Gigabit game on! FCC Chairman Julius Genachowski wants the US to host "at least one gigabit community in all 50 states by 2015," and he's calling upon ISPs, as well as state governments to make it a reality. In a statement issued today, Genachowski laid out a roadmap to establish a "clearinghouse of best practices" that would help eliminate the network as obstacle and foster innovative applications, in addition to digital hubs. Of course, cities like Seattle and Kansas City, along with the University of Washington have already been privy to these ultra-high-speeds thanks to the likes of Google and private funding. But, with today's missive, it's clear the Commission's head honcho wants that to be more the rule than exception. It's no secret Genachowski's long wanted to shore up the US' prominence as a connected country -- he's said as much since the beginning of his reign. And with initiatives likes this one, that could fast become a reality.
FCC CHAIRMAN JULIUS GENACHOWSKI ISSUES GIGABIT CITY CHALLENGE TO PROVIDERS, LOCAL, AND STATE GOVERNMENTS TO BRING AT LEAST ONE ULTRA-FAST GIGABIT INTERNET COMMUNITY TO EVERY STATE IN U.S. BY 2015
FCC'S BROADBAND ACCELERATION INITIATIVE TO FOSTER GIGABIT GOAL
Washington, D.C. – Today at the U.S. Conference of Mayors Winter Meeting, FCC Chairman Julius Genachowski called for at least one gigabit community in all 50 states by 2015. Challenging broadband providers and state and municipal community leaders to come together to meet this "Gigabit City Challenge," Chairman Genachowski said that establishing gigabit communities nationwide will accelerate the creation of a critical mass of markets and innovation hubs with ultra-fast Internet speeds.
Chairman Genachowski said, "American economic history teaches a clear lesson about infrastructure. If we build it, innovation will come. The U.S. needs a critical mass of gigabit communities nationwide so that innovators can develop next-generation applications and services that will drive economic growth and global competitiveness."
Speeds of one gigabit per second are approximately 100 times faster than the average fixed high-speed Internet connection. At gigabit speeds, connections can handle multiple streams of large-format, high-definition content like online video calls, movies, and immersive educational experiences. Networks cease to be hurdles to applications, so it no longer matters whether medical data, high-definition video, or online services are in the same building or miles away across the state.
Gigabit communities spur innovators to create new businesses and industries, spark connectivity among citizens and services, and incentivize investment in high-tech industries. Today, approximately 42 communities in 14 states are served by ultra-high-speed fiber Internet providers, according to the Fiber to the Home Council.
To help communities meet the Gigabit City Challenge, Chairman Genachowski announced plans to create a new online clearinghouse of best practices to collect and disseminate information about how to lower the costs and increase the speed of broadband deployment nationwide, including to create gigabit communities. At the U.S. Conference of Mayors meeting, Chairman Genachowski proposed working jointly with the U.S. Conference of Mayors on the best-practices clearinghouse effort.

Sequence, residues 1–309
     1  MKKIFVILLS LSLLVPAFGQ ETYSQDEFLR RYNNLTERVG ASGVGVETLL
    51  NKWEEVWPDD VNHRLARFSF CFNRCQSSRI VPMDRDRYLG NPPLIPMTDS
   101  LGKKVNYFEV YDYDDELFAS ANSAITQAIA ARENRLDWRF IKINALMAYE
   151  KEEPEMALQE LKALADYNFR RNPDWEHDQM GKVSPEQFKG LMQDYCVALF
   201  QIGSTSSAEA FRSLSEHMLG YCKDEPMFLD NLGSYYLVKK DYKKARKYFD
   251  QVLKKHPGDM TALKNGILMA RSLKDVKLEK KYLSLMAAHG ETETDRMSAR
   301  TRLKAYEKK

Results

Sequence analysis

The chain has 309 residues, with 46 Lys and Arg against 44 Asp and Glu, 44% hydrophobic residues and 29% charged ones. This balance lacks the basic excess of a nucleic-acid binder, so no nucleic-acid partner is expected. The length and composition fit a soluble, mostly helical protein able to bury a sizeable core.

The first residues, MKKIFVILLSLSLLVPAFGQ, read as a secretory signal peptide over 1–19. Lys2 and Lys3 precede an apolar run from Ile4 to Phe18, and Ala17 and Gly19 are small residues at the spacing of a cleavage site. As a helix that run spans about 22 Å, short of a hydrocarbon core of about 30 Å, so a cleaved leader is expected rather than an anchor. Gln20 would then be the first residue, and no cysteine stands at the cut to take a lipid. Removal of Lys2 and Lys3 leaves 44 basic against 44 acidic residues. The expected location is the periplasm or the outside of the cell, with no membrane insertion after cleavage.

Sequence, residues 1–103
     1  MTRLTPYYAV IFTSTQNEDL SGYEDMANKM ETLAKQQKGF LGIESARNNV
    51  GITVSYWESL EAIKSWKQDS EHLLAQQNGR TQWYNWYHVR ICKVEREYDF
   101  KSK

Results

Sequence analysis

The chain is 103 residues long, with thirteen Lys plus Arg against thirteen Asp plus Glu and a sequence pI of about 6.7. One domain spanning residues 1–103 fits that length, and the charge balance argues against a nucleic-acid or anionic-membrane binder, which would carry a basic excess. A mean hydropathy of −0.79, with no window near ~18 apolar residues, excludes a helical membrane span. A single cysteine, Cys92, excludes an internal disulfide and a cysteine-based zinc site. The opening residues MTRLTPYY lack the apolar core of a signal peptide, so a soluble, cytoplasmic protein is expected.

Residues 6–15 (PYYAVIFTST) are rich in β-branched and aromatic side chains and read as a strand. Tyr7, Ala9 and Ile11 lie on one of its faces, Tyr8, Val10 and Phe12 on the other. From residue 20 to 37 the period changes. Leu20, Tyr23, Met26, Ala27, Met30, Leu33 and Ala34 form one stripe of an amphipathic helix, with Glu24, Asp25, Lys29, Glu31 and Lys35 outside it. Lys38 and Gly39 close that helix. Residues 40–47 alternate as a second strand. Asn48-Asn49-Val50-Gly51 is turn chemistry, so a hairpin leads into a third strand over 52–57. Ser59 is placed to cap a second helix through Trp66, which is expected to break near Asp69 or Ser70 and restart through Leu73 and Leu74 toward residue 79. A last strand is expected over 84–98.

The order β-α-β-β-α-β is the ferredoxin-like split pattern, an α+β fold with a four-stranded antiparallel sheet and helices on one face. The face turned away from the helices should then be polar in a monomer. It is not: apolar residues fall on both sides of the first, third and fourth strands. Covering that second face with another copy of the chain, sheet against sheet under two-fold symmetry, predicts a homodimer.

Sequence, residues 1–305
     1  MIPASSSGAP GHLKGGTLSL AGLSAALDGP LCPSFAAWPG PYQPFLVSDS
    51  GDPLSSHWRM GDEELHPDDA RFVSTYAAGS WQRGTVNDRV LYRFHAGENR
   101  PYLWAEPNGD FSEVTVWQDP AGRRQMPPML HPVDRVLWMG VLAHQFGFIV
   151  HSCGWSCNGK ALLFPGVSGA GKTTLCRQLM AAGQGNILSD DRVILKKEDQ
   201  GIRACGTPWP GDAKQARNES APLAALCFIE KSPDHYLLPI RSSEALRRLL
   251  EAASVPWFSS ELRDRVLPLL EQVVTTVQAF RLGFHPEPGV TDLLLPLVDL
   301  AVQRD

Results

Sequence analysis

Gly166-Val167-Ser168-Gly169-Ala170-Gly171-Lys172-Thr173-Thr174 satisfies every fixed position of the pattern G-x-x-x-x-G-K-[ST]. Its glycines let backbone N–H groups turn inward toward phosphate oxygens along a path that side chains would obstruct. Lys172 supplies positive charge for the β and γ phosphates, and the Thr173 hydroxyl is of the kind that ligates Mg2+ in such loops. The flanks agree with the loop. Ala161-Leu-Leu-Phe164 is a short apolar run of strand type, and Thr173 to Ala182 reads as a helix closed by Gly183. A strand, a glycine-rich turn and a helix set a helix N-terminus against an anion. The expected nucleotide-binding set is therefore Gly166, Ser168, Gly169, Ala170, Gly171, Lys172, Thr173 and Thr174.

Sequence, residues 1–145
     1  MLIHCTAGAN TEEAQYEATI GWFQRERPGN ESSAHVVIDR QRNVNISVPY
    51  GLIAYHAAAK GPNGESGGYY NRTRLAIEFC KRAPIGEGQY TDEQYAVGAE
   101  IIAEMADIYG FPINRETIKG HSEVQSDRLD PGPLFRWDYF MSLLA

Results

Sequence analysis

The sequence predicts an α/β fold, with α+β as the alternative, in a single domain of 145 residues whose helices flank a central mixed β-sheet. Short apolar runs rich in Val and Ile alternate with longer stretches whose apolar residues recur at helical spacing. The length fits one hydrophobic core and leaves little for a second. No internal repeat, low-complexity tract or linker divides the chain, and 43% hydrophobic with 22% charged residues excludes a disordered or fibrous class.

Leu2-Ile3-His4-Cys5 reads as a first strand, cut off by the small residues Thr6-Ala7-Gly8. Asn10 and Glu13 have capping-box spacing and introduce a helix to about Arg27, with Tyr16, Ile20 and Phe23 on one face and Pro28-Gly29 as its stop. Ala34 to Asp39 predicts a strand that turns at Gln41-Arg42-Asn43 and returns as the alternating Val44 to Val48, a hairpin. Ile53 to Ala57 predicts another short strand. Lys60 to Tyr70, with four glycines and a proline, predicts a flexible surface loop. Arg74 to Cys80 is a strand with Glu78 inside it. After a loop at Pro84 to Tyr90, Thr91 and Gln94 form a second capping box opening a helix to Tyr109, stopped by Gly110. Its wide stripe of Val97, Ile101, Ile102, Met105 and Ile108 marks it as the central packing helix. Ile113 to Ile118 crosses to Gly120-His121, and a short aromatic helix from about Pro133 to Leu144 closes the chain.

Chairman Genachowski also announced that the FCC will hold workshops on gigabit communities. The workshops will convene leaders from the gigabit community ecosystem-including broadband providers, and state and municipal leaders- to evaluate barriers, increase incentives, and lower the costs of speeding gigabit network deployment. Together, the workshops will inform the Commission's clearinghouse of ways industry, and local and state leaders can meet the challenge to establish gigabit communities nationwide.
Communities across the country are already taking action to seize the opportunities of gigabit broadband for their local economies and bring superfast broadband to homes. In Chattanooga, Tennessee, a local utility deployed a fiber network to 170,000 homes. Thanks to the city's investment in broadband infrastructure, companies like Volkswagen and Amazon have created more than 3,700 new jobs over the past three years in Chattanooga. In Kansas City, the Google Fiber initiative is bringing gigabit service to residential consumers, attracting new entrepreneurs and startups to the community.
The Gig.U initiative has already catalyzed $200 million in private investment to build ultra-high-speed hubs in the communities of many leading research universities, including a recent joint venture with the University of Washington and a private ISP to deliver gigabit service to a dozen area neighborhoods in Seattle. The Gigabit City Challenge is designed to drive a critical mass of gigabit communities like these, creating new markets for 21st century services, promoting competition, spurring innovation, and driving economic growth nationwide.
The FCC's Broadband Acceleration Initiative is working to expand the reach of robust, affordable broadband by streamlining access to utility poles and rights of way, and improving policies for wireless facilities siting and other infrastructure. Gigabit communities can also benefit from tens of thousands of miles of critical "middle mile" fiber infrastructure funded throughout the country by the Broadband Technology Opportunities Program run by the National Telecommunications and Information Administration. The Commission's Connect America Fund, the largest ever public investment in rural broadband, includes funding for high-speed broadband to anchor institutions like schools and hospitals.